Rummaging in Their Minds


It is the custom of every good mother after her children are asleep to rummage in their minds and put things straight for next morning, repacking into their proper places the many articles that have wandered during the day. If you could keep awake (but of course you can’t) you would see your own mother doing this, and you would find it very interesting to watch her. It is quite like tidying up drawers. You would see her on her knees, I expect, lingering humorously over some of your contents, wondering where on earth you had picked this thing up, making discoveries sweet and not so sweet, pressing this to her cheek as if it were as nice as a kitten, and hurriedly stowing that out of sight. When you wake in the morning, the naughtinesses and evil passions with which you went to bed have been folded up small and placed at the bottom of your mind; and on the top, beautifully aired, are spread out prettier thoughts, ready for you to put on.
Peter Pan, J.M. Barrie

I am leafing through three piles of art work on our Deacons’ bench. These are sorted piles, placed here a few days after our children came home from their last day of school carrying armloads of art, writing, notebooks, pottery, posters, and other treasures. Nicholas, our oldest, has a relatively small pile, and his work is mostly writing, thematically linked to the long-term projects his class did during the school year. Julia’s pile, our middle child’s collection, is — well — in the middle. Taller than Nicholas’ but also less organized. A good deal of writing, but also more art work, exercises done with her teachers based on famous artists or derived from other topics they explored together. There are the lumpy items, visual aids from research projects as well as a few things that are unidentifiable. Always Julia’s art is done in the small. Often tiny carefully drawn intricate pictures will loop across a page. And then there is Elliott’s pile. Actually two piles, the second created once the first began to tip over. His piles are toppling with both impulsive and careful art; every scrap and bit of paper upon which he might have begun a drawing has been saved. Pages with large blank areas devoted to drawing first, and written narrative second, covered in large developing letters and phonetic spelling. His work is voluminous.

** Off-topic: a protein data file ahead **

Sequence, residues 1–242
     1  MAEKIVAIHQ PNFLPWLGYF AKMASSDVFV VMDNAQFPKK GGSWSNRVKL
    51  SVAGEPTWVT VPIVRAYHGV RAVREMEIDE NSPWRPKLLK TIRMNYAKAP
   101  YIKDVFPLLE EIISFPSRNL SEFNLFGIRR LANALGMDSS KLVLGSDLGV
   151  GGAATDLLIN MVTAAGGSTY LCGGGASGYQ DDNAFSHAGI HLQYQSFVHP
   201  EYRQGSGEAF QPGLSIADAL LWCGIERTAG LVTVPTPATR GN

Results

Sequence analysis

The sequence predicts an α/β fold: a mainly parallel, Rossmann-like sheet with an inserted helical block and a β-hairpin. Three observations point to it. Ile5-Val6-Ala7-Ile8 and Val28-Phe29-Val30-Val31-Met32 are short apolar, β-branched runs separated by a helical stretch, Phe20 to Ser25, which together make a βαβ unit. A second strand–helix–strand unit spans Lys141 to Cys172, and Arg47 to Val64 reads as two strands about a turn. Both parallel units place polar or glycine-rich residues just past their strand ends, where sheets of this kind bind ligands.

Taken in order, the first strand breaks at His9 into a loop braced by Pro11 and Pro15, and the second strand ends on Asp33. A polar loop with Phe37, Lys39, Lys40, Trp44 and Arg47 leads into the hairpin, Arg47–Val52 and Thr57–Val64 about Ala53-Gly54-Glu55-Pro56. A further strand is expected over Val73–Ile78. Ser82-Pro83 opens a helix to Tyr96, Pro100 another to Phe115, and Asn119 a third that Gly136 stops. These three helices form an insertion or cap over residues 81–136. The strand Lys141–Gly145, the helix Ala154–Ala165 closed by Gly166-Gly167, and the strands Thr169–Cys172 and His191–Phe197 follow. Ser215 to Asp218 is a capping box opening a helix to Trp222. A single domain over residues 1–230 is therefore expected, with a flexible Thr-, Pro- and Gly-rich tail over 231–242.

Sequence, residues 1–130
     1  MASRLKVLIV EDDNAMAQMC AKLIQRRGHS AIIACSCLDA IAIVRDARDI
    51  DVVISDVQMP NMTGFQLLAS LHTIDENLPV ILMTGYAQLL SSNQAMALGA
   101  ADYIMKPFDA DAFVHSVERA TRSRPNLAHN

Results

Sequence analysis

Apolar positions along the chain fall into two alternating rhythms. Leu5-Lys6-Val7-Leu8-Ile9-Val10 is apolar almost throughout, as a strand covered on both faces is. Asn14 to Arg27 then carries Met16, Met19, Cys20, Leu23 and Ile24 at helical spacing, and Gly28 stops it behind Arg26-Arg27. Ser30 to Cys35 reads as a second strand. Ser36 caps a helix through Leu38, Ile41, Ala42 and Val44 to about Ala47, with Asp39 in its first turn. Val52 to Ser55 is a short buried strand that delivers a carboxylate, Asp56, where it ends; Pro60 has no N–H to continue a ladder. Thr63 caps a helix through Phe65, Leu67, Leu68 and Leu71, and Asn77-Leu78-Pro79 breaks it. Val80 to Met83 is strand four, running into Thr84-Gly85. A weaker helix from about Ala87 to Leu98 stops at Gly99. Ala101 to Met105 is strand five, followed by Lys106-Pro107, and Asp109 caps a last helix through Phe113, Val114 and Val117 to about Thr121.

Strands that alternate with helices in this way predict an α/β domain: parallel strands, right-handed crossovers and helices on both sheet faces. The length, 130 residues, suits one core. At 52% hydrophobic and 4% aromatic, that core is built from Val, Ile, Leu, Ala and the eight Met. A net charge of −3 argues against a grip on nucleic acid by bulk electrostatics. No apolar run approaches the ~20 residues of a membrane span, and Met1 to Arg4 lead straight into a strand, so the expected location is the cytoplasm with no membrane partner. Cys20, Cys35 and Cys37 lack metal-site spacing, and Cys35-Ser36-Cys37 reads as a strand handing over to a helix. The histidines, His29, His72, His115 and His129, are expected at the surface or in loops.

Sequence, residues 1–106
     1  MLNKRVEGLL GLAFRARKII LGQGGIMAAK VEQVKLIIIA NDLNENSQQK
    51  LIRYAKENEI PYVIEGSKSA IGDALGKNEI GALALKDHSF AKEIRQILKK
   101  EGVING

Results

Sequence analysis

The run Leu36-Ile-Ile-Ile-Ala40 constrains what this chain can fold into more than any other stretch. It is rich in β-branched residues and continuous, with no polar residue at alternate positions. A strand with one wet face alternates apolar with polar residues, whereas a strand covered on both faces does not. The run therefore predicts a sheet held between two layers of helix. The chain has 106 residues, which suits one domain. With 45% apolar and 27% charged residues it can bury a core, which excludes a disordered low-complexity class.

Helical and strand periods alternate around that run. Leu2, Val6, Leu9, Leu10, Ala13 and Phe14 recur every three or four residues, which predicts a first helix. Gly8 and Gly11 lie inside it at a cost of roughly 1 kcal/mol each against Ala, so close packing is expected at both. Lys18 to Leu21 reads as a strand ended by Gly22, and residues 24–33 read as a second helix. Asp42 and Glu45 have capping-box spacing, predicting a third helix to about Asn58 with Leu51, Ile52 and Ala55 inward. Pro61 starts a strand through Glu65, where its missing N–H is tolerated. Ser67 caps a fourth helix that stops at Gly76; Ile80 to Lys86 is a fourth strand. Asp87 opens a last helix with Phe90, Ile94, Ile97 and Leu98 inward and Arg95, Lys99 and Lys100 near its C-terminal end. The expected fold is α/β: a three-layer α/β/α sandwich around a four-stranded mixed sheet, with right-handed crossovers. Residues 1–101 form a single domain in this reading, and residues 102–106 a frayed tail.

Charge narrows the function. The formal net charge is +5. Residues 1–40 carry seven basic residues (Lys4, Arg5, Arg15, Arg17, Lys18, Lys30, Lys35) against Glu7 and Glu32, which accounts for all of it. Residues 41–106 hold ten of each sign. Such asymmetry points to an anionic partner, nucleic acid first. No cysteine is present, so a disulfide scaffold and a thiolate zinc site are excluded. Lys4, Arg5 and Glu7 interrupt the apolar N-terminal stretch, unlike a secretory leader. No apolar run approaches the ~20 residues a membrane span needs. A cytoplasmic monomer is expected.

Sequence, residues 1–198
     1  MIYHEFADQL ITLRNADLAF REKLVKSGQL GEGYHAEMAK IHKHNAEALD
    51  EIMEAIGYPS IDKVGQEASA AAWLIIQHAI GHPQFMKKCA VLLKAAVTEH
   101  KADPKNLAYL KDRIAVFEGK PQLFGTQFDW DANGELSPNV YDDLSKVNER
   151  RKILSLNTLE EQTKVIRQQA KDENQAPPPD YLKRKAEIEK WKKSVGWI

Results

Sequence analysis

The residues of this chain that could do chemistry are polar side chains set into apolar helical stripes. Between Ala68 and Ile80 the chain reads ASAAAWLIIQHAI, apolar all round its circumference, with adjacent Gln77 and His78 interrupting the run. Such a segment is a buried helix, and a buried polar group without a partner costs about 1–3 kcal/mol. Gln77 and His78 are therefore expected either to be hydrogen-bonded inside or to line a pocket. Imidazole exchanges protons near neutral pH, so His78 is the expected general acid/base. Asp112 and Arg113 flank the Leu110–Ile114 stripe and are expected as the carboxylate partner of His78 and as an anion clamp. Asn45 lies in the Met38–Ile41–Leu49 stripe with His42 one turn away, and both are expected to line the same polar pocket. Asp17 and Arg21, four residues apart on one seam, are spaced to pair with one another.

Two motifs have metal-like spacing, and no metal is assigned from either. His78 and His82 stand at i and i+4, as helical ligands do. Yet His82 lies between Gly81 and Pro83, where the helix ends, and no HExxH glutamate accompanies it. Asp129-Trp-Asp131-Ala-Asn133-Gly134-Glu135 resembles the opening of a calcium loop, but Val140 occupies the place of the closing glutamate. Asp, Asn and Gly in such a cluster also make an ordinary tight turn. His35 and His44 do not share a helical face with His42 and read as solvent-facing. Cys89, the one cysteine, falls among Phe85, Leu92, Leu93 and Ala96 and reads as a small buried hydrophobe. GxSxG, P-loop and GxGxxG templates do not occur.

But mixed into Elliott’s pile of work from school, much of it work I am now seeing for the first time, are bits and pieces of unusual projects in various stages of completion. I am sorting through these familiar items now, lingering over each piece I pull out, each one evoking a sweet or not so sweet memory. This melange of strange items I know. I had a hand in each project, each cut, each item on these pages. These are projects he and I did together, during our just us hours.

I pull out a large piece of paper covered in animals of every neon hue. This one? This is one of my sweet discoveries.


Have you ever tried to work with duct tape? Its intended mission: to hold things together, quickly and securely. To bond things, contain them, despite their unusual shapes, their differing surface materials, and the forces that would push any two separate — but now adhered — items apart. This tape has one purpose: stickage. In less experienced hands, it is likely to be misplaced stickage. To use duct tape, you must be strong, because tearing the tape is difficult, and this is sometimes best done with your teeth. It requires exaggerated movements where you pull and stretch with large arm motions, unwinding it from the roll. And also, you must be careful. Because using duct tape requires keeping stickage at bay, avoiding adherence to your fingers, or to itself. Or to your hair.

But on this day, when I say work with, I am referring not to stickage but to the work of making, of creating, using this unorthodox medium. This work is about fine motor movements, not gross motor. It involves using a strange toolkit of scissors of different sizes, an old plastic cutting board, an Exacto knife. And bandaids. Lots and lots of band-aids. Along with a good deal of patience as Elliott sits next to me at the kitchen table, leaning in close over my shoulder, as I try to realize the shapes, colors, and ideas that he has envisioned for today’s art project.